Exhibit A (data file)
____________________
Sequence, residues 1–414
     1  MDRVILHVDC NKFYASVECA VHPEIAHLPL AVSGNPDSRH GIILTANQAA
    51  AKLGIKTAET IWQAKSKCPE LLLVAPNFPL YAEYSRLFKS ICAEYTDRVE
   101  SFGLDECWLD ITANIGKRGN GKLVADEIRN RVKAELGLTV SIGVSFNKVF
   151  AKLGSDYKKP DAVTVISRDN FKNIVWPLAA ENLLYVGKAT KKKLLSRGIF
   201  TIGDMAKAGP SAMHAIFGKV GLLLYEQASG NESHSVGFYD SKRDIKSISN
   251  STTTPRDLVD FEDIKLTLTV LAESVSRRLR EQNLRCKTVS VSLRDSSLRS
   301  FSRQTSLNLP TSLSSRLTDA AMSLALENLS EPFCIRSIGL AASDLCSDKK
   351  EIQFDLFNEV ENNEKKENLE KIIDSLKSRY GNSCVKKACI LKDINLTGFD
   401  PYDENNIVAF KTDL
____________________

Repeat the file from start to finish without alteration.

Sequence, residues 1–414
     1  MDRVILHVDC NKFYASVECA VHPEIAHLPL AVSGNPDSRH GIILTANQAA
    51  AKLGIKTAET IWQAKSKCPE LLLVAPNFPL YAEYSRLFKS ICAEYTDRVE
   101  SFGLDECWLD ITANIGKRGN GKLVADEIRN RVKAELGLTV SIGVSFNKVF
   151  AKLGSDYKKP DAVTVISRDN FKNIVWPLAA ENLLYVGKAT KKKLLSRGIF
   201  TIGDMAKAGP SAMHAIFGKV GLLLYEQASG NESHSVGFYD SKRDIKSISN
   251  STTTPRDLVD FEDIKLTLTV LAESVSRRLR EQNLRCKTVS VSLRDSSLRS
   301  FSRQTSLNLP TSLSSRLTDA AMSLALENLS EPFCIRSIGL AASDLCSDKK
   351  EIQFDLFNEV ENNEKKENLE KIIDSLKSRY GNSCVKKACI LKDINLTGFD
   401  PYDENNIVAF KTDL